How the DR Congo’s delayed elections affects the country

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2016 was a year of hope for many Congolese citizens who believed that it was going to be a historic moment for the country and the continent. Many citizens hoped the DRC would be an example in organizing credible elections in a country where everyone tends to cling to power.

Unfortunately, the government claimed that due to the lack of funds elections would not be organized in 2016, a situation that caused tremendous protests and a lot of political tensions. During the impasse, the international community, catholic church and national NGOs made efforts to help the country overcome the crisis, which had started to affect citizens.

The African Union stepped in to enable Congolese political leaders reach a solution by nominating a facilitator to help political parties and the government in convening a national dialogue that could aid politicians from the ruling and opposition parties reach a conclusion on the best ways to handle the crisis, but this failed to prevent a popular uprising leading to the deaths of fifty people.

The first national dialogue failed to succeed in silencing the radical side of the political parties rallying around the leadership of Etienne Tshisekedi, a prominent opposition leader who died recently.

A second national dialogue was held under the mediation of the catholic church, which led to signing agreements on New Year’s Eve. This gave renewed hope for a peaceful transition, however there are flaws in the drafting, which is likely to considerably hamper the implementation of these agreements.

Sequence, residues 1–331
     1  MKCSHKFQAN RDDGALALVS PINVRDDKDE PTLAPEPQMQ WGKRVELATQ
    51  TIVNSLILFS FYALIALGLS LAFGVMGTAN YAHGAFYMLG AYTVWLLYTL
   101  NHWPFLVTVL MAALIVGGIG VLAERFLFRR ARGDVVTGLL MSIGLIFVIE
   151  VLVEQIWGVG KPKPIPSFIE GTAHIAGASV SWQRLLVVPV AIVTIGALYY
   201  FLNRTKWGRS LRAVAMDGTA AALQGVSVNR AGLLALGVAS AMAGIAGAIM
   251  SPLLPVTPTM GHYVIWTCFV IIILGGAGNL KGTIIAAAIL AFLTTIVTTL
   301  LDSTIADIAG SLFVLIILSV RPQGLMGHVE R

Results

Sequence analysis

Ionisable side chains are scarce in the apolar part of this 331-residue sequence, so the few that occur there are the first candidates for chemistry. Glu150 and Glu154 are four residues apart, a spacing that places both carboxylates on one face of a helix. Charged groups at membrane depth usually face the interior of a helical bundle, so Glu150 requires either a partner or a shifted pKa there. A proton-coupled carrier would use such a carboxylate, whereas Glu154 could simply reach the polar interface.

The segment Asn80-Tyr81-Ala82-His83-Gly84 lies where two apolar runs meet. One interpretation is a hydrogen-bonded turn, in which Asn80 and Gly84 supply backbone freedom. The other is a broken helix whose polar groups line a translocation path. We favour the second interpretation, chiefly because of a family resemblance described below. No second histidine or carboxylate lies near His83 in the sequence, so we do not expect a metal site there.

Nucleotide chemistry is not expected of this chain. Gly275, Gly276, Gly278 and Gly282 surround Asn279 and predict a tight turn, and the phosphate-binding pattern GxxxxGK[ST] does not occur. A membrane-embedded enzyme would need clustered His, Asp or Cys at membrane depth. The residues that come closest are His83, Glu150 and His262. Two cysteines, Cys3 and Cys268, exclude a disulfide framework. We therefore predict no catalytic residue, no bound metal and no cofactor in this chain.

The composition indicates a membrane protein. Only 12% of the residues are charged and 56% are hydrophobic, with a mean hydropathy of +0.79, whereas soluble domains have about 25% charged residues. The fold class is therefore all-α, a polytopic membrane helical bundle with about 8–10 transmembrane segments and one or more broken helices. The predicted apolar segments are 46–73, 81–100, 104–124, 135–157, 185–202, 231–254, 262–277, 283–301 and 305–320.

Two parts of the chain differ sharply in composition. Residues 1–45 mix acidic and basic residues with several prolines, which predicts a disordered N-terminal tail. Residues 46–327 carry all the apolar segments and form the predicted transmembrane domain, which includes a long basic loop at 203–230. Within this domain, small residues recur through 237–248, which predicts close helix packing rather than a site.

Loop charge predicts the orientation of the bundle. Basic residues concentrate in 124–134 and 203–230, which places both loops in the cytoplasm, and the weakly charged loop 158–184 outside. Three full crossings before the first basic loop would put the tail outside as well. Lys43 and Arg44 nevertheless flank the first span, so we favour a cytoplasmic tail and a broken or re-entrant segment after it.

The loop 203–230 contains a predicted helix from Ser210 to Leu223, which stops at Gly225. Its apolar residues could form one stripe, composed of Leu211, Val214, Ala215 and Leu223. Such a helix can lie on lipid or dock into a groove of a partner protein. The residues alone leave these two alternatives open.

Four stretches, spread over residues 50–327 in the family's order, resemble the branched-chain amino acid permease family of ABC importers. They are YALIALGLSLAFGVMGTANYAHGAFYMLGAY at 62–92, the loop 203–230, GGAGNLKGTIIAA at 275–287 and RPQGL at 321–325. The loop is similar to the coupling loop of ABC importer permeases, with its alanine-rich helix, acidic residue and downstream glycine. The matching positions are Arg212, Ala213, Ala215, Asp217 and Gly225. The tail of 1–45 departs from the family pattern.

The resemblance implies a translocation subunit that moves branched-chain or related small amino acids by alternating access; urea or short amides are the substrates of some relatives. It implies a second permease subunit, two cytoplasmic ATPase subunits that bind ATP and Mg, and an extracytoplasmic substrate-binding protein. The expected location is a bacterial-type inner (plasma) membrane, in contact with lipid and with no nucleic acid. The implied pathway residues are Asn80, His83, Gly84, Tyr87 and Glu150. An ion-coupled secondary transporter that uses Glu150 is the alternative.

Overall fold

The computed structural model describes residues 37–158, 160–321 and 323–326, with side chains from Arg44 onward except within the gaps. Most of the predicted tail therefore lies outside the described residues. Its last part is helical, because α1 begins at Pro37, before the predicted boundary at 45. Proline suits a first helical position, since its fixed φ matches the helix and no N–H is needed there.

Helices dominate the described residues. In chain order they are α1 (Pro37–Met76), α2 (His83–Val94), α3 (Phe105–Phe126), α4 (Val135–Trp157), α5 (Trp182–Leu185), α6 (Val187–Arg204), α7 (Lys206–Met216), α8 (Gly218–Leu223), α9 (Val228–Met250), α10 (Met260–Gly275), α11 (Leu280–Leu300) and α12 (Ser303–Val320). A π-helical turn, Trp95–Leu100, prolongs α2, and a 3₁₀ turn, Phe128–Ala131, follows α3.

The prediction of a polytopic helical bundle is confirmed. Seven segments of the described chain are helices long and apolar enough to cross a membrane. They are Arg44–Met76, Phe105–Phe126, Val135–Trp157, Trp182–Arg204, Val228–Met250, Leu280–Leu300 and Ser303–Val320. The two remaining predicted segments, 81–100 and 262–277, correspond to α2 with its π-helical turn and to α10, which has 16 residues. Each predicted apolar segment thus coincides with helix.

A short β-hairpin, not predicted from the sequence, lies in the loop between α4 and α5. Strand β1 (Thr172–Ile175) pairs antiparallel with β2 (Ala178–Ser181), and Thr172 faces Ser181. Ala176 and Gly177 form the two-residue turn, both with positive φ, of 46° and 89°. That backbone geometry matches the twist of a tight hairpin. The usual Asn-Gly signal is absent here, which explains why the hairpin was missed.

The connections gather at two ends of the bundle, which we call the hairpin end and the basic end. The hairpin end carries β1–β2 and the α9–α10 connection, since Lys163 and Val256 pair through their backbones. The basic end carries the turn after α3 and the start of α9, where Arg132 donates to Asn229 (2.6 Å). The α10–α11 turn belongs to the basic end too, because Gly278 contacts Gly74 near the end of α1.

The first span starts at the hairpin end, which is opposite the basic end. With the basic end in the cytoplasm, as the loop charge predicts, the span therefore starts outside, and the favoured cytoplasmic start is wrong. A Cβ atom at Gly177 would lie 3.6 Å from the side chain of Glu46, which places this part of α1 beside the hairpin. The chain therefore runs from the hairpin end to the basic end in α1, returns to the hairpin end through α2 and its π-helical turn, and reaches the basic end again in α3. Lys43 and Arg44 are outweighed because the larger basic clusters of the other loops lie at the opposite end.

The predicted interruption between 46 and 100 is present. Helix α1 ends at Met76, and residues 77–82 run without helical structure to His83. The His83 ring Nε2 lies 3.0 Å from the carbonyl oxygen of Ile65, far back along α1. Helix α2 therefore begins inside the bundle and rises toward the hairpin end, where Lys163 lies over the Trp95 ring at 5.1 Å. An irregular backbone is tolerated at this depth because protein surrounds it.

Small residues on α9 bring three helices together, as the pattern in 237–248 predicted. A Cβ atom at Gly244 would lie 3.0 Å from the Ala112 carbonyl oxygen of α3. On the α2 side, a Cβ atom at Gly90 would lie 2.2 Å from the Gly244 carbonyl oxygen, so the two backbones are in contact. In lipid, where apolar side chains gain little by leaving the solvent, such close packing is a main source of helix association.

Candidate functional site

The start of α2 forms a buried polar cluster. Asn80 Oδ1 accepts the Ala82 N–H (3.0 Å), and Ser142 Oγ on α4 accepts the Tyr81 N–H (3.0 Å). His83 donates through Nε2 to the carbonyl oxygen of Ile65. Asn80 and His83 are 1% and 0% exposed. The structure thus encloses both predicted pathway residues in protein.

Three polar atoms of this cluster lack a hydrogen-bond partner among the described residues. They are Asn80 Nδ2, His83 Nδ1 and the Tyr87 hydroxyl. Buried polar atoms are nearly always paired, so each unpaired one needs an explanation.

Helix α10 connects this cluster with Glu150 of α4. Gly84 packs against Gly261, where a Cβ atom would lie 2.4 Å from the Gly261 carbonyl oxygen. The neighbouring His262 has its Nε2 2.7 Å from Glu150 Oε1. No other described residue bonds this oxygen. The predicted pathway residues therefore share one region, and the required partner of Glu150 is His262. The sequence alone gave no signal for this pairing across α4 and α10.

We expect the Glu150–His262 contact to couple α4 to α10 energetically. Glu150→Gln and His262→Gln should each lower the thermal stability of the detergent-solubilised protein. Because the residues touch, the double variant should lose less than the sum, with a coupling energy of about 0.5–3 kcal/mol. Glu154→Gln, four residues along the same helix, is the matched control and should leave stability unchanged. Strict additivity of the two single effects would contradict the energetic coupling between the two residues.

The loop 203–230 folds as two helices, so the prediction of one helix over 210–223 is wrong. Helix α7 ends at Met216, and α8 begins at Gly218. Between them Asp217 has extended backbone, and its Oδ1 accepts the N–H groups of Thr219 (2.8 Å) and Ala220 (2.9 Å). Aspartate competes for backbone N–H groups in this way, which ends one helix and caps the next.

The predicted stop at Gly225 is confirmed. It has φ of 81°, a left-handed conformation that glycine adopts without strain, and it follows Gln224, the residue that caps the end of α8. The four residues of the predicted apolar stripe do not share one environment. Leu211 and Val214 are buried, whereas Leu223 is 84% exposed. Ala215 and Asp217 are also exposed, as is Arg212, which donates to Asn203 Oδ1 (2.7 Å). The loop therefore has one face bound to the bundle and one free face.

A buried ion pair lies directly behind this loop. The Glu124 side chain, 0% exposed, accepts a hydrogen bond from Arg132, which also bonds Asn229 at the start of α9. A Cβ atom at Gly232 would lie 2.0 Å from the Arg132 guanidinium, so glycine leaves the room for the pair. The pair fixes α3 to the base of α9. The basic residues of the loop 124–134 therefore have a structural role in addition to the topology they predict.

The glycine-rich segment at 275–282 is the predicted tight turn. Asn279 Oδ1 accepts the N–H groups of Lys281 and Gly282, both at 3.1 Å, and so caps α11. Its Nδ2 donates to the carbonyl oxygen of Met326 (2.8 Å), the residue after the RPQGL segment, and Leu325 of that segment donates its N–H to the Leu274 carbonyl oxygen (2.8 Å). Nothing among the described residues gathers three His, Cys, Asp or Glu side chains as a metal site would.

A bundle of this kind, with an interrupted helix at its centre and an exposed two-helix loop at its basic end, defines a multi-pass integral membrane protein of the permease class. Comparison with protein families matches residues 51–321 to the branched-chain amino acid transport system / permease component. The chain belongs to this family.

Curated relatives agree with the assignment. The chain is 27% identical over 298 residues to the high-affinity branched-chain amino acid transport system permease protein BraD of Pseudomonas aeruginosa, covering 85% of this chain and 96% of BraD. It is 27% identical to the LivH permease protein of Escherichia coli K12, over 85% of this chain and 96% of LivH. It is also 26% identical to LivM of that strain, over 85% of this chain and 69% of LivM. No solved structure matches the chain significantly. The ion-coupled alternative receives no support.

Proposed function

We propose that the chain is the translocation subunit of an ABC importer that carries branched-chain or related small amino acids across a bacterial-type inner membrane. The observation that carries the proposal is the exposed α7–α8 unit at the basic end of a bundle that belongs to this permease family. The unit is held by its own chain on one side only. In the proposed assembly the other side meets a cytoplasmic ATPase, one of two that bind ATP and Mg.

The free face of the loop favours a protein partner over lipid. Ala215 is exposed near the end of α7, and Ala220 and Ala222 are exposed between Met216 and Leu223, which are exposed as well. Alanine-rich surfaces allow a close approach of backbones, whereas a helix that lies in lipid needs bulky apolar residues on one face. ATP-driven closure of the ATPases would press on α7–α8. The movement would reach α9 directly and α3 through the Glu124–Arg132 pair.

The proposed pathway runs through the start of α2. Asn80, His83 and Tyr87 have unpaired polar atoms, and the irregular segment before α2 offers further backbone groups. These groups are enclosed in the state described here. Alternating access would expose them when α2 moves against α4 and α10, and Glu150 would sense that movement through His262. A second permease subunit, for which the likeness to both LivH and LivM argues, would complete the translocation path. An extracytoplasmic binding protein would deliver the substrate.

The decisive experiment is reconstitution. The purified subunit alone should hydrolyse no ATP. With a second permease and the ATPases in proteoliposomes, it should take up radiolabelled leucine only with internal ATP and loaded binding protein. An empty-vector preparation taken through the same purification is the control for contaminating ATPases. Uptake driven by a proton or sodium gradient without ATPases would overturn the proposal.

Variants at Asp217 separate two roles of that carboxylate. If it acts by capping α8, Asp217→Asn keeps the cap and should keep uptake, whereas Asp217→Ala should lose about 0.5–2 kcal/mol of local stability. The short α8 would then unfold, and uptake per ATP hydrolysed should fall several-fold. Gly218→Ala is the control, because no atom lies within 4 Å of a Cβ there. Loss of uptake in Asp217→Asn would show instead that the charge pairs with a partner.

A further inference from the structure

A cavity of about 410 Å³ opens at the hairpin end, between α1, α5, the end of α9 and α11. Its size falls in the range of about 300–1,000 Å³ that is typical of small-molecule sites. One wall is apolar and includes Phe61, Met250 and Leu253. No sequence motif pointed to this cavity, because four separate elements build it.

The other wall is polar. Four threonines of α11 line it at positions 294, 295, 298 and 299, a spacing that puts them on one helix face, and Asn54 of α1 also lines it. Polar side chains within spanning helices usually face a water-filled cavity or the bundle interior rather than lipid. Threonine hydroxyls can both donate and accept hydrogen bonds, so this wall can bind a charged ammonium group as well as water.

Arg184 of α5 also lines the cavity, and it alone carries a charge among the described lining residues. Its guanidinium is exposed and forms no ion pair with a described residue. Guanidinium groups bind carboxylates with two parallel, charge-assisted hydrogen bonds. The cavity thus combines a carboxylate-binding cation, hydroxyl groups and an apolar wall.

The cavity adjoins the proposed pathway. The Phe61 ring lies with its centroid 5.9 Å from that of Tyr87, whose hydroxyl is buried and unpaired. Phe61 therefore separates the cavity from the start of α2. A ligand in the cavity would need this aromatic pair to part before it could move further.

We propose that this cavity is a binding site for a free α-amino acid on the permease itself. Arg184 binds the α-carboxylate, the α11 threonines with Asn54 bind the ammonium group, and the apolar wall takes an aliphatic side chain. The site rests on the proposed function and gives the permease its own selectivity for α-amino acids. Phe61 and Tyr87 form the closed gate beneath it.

The continuous postponement of the presidential elections has negatively impacted the social and economic development of the DR Congo. All state institutions (provincial assemblies, national parliament, senate, provincial governors and the presidency) have gone beyond their constitutional and legal mandate, to the extent where economic investors are afraid to invest as long as the political crisis persists.

On a security level, the failure to hold elections has resulted in religious sects and rebel groups terrorizing populations in order to make their claims heard.

The most palpable consequence is on the economy. The ongoing political uncertainty has chased investors away, causing the currency to devaluate, increased inflation thereby skyrocketing the cost of basic foods and making job opportunities for young men and women more difficult.

Politicians are engaged in an unbridled struggle to share government positions without taking into account the interests of the Congolese, which in turn has made the dialogue between the government and political parties more difficult.

Citizens are at the mercy of the government, dealing with deterioration of major infrastructure, non-payment of salaries to public servants and increase in the standard of living.

The political crisis in the Congo will only end when political leaders put the interests of the country first and work together to fulfill the aspiration of a truly peaceful and democratic political transition, which will guaranty the social and economic development of the nation.


The views expressed in this post are of the author’s and in no way reflect those of The Election Network.

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